One thing was clear, the good folks at Hammer Films had lost their way… 

However, by the early eighties they had cleverly re-invented themselves, making the move from the big screen to televison and bringing their brand of ghoulish storytelling to ITV.

Perhaps the most famous episode of Hammer House of Horror, the television series, is The House that Bled to Death, if for no better reason than the title. 

Spoiler: the house doesn’t bleed to death.

What does happen is that Nicholas Ball (TV’s loveable Hazell) buys a new semi, where (unknown to him) a murder has taken place previously. As a result, he is beset by odd occurrences, including the murder weapon being re-gifted to his daughter at her birthday party, a severed hand appearing and body-popping on the hall lino, blood pouring down the bedroom walls and, most ominously of all, that bloke that used to play Ted Hills in Eastenders turning up and wanting a cup of tea. 

My favourite episode is Visitor from the Grave, but, that said, there are very few slouches in the series…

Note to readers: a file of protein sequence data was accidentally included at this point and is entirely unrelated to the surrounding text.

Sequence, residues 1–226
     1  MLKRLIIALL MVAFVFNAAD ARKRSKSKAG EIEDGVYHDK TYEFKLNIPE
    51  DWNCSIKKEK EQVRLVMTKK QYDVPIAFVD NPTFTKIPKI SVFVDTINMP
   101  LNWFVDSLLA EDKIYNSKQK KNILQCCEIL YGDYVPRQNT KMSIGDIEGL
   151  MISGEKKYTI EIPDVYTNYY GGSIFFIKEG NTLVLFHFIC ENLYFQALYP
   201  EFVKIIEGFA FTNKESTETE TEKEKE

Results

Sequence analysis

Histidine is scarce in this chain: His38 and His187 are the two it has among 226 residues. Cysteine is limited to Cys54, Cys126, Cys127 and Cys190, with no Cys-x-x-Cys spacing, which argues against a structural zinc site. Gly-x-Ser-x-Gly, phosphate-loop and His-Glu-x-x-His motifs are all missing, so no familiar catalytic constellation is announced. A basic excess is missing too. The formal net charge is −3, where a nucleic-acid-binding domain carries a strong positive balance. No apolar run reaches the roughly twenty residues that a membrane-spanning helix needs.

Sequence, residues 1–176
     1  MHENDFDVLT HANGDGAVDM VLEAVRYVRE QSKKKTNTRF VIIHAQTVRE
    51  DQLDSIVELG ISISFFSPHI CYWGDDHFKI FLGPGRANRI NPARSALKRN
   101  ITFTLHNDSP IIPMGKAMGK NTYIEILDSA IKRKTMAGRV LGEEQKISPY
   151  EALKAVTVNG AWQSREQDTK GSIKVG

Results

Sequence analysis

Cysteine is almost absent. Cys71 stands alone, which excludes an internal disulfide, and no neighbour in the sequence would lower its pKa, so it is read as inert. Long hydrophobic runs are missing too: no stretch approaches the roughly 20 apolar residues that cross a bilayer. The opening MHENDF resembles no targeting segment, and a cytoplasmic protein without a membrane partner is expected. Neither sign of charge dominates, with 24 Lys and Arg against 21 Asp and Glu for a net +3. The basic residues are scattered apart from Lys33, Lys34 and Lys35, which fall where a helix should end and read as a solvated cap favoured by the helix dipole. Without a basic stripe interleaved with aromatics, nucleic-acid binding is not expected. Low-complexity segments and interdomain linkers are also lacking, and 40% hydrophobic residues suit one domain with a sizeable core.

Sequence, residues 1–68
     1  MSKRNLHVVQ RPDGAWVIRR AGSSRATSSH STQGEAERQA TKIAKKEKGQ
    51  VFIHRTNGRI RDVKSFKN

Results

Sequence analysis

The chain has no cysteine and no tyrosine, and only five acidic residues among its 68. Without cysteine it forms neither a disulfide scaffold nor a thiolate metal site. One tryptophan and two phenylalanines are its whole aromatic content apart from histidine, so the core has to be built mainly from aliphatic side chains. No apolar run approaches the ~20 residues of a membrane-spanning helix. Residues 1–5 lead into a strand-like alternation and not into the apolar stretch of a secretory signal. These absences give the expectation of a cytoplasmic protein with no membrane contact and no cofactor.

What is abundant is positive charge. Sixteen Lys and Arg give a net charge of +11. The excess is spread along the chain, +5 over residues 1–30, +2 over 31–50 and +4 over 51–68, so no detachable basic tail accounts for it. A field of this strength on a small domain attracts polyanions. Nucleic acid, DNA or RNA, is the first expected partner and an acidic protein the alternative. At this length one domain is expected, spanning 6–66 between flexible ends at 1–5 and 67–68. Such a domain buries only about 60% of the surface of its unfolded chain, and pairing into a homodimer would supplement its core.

Some highlights include: 

Growing Pains, where a toy rabbit gets cut up at the dinner table and half a pound of chopped liver falls out of it. 

In The Two Faces of Evil, a couple of holidaymakers are terrorised by a man in a yellow Sowester… 

In Rude Awakening, it’s clear from the offing that the production team have come in seriously under time and were, as a result, forced to improvise in order to pad the episode out.

As a result, we are treated to a montage of slow-motion clips from the rest of the episode (including a heavy reliance of Denholm Elliot in a red telephone box) in a baffling pre-credit sequence. That’s the way to do it! 

In Children of the Full Moon, Dynasty’s Christopher Cazenove runs up to Diana Dors shouting that he’s just seen a man in the woods turning into a wolf! Dors explains that ‘It’s probably just a stag!” Oddly enough, he completely acquiesces. That's city-folk for you...